Violence against people of color has long history in the US

Deadly incidents with innocent and unarmed people of color are not a thing of the past, but traumas that are relived repeatedly to this day. How do we fix these deep-seated biases?
6:31 | 05/28/20

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Transcript for Violence against people of color has long history in the US
Reporter: These are what many would argue are the obvious cases, the great unfairness of Eric Garner, robbed of his right to breathe. The injustice of the five bullets shot in Walter Scott's back. Philando Castile, Brianna Taylor. You can debate whether Michael Brown or Terrence Kutcher lived perfect lives before they were killed. But what black Americans and others have been saying for years is that the reason they're dead today is because of the way so many in this country see black people. We live in a society that still sees black people as violent, as dangerous, as immoral, as untrustworthy. So, when they have interactions with law enforcement, we don't get a presumption of innocence. Reporter: Asiehsa young is a mother of five who lives in suburban Philadelphia. She says seeing men killed this way, ahmaud arbery in Georgia, is deeply disturbing. When I saw the ahmaud video, actually seeing him get shot and running off and seeing him fall, the first thing that came to my mind was, what if that was my son? I can't just go out and enjoy myself without thinking that there's going to be repercussions to my actions bad repercussions to my actions that could get me killed. Reporter: We first met this family in 2017. Her son was just 15 years old. It hurts, because my life just seems like it's nothing in the United States. Reporter: He had just seen the video that was live streamed online, showing a police officer in killing philando Castile. You can't even go outside without having to be scared for your life. Reporter: They blamed America for their son's feelings. What do you think are some of the unique burdens of being a parent to a back child? Particularly a black boy? Safety, like I always have to worry about his safety. I believe he's prejudged before people actually get to know him. You're powerless. You feel like cannot do anything about it. I am only 15 years, and I feel that I'm possibly going to die before I even turn 18. Reporter: Three years later, some things have changed and so much has not. I'm now 18 years old. I'm very happy that I've made it as far as I have in my life. But for me, every day, it's a fight for survival. Reporter: The prejudice and racism at the root of so many of these incidents is by no means brand new. In 1955, Carolyn Bryant Donham told officials that Emmett till whistled at her. He was shot in the head and in the end, they were acquitted of murder. It took 62 years to admit it, but in 2017 she confessed to a historian that she lied. This isn't just a case of mistaken identity. These are outright attempts to weaponize lies to harm black people. We are people, we feel empathy. And to exterminate someone because of the color of their skin, that's the double. Reporter: The kids today would call Donna Mccarron, like the woman who called police on a black family having a barbecue in the park. There were stories of white Americans finding black Americans suspicious or blaming them for something they did not I'm going to tell them there's an African-American man threatening my life. Reporter: What started with a dispute over a dog off its leash turned into this. I'm being threatened by a man. Please send the cops immediately. Reporter: She told police she was in danger when she wasn't. Video of what happened has cost her both her job and dog. I have a hard time being overly sympathetic for her. She's educate enough to know what could happen when the police come because she called them. Reporter: Tim wise, the author of the book "White like me." The man behind the camera was trying do feed treats to her dog. She has since apologized. If you live in a society where you have been told to fear black folks and have contempt for black and brown bodies, even if you're a decent person 99.9% of the time, you are still conditioned to act in that way. Reporter: Wise hopes during these troubled times more Americans can learn empathy. The next time a person of color is telling us what their experience is like we'll be able to hear them because we'll be able to go back to this moment when we, too, were having to second guess our safety every where we went. Reporter: Mike young and his wife pray for the continued safety of their son ej. He's sick and tired of being sick and tired, so he's going to try to help change the system by joining the police force. I feel like if, if the law doesn't change and who is involved in it, then nothing else is going to change. Reporter: Their message to America, please don't criminalize blackness. I hope that I have a long, very adventurous life and that it doesn't get cut short because somebody wanted to prove something.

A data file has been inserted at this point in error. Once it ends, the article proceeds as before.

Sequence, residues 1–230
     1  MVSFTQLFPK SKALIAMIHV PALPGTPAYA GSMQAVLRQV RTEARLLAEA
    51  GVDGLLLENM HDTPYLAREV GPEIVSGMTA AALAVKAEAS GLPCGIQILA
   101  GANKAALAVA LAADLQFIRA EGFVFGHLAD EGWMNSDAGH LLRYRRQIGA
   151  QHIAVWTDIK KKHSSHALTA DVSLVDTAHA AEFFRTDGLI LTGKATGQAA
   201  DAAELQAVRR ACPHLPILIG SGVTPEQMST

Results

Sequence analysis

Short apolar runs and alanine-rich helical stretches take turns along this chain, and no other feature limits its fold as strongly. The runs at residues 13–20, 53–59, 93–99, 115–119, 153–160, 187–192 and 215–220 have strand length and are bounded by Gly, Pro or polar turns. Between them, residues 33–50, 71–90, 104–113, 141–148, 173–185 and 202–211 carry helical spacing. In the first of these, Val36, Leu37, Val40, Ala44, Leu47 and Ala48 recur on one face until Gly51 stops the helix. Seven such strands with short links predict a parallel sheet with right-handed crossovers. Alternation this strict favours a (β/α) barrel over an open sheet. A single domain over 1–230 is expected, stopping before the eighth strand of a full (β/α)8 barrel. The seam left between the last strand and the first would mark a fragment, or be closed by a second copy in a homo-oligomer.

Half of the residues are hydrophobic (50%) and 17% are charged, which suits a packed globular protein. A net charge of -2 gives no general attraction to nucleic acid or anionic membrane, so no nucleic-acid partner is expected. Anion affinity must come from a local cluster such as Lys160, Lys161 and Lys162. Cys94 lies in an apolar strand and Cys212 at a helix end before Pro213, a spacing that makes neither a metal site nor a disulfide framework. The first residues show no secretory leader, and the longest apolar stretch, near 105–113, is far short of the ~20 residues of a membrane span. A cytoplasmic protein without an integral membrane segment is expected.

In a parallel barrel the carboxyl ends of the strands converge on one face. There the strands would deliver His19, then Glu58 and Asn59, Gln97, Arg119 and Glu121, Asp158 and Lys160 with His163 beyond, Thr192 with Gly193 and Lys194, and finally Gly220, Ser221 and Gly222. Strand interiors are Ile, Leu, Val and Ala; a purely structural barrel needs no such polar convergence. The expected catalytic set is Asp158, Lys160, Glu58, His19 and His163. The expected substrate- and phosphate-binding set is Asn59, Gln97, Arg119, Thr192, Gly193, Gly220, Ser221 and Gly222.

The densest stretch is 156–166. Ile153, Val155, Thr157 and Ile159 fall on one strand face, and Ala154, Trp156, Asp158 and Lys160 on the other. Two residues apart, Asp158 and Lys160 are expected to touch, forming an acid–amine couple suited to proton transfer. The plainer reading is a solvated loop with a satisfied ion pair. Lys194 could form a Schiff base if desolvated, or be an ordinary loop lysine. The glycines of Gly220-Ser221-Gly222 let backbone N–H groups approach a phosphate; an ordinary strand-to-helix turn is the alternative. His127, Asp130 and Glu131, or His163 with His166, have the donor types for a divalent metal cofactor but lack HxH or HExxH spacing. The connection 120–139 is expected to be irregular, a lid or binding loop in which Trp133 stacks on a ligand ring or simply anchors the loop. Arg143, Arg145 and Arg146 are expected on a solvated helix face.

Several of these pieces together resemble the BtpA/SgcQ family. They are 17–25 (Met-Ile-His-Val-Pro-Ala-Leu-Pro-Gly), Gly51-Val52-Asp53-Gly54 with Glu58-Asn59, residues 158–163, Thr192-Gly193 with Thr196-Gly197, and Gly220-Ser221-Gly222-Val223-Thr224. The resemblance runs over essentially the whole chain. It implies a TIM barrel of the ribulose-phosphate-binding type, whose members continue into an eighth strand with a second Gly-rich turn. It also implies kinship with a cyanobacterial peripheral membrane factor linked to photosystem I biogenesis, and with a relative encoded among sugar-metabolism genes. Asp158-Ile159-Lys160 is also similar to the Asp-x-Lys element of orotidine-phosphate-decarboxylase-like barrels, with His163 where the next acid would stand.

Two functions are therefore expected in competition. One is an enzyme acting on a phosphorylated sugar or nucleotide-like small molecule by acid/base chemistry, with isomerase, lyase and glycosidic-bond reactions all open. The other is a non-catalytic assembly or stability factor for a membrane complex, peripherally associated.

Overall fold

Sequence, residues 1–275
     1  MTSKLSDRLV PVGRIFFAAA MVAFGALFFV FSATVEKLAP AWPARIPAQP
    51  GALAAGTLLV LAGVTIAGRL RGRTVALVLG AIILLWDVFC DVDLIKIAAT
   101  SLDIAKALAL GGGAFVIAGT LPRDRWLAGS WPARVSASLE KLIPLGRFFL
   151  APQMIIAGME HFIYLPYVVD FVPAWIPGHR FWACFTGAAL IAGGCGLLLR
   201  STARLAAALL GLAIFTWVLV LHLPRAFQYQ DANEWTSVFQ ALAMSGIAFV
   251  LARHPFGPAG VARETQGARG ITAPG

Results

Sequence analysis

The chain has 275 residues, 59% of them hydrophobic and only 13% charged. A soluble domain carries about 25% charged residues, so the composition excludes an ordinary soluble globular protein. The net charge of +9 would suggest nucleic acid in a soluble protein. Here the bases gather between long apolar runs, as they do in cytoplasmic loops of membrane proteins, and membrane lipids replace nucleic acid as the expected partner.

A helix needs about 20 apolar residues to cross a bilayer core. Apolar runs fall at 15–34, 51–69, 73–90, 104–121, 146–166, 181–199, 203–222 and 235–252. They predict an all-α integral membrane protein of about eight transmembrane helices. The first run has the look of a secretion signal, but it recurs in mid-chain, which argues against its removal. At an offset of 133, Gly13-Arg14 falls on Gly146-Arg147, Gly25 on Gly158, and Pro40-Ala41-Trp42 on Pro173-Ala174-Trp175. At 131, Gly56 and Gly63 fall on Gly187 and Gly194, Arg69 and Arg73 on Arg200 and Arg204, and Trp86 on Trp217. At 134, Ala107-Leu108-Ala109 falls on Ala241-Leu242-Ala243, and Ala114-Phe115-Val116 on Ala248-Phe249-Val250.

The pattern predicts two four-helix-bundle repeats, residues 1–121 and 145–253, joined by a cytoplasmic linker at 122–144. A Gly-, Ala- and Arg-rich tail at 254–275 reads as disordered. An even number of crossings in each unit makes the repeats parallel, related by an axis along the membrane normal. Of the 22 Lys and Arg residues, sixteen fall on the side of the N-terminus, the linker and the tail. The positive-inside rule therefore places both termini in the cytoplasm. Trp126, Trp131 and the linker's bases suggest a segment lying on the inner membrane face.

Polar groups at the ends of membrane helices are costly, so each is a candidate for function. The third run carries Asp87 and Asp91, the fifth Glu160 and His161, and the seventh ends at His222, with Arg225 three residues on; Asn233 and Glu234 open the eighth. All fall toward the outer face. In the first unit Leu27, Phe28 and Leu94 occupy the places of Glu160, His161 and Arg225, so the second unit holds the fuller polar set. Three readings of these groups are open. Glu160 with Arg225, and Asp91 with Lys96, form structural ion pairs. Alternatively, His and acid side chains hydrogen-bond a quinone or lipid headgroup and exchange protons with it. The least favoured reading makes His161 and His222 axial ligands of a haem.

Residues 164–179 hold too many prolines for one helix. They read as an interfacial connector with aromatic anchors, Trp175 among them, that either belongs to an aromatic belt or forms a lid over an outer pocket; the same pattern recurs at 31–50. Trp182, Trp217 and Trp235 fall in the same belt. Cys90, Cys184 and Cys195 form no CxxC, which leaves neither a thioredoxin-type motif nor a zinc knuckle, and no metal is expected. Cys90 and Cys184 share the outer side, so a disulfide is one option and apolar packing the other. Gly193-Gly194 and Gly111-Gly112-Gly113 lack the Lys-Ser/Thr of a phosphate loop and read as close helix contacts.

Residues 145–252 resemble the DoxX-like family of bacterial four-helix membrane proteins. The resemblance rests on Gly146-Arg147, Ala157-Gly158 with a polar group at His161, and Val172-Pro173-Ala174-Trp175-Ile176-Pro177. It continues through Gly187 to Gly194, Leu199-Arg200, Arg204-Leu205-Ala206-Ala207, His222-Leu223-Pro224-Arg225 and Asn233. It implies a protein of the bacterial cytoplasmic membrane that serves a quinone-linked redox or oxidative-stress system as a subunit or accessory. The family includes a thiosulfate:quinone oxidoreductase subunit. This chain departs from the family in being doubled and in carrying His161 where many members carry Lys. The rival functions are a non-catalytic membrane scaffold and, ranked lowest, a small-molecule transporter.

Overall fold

This transcript has been automatically generated and may not be 100% accurate.

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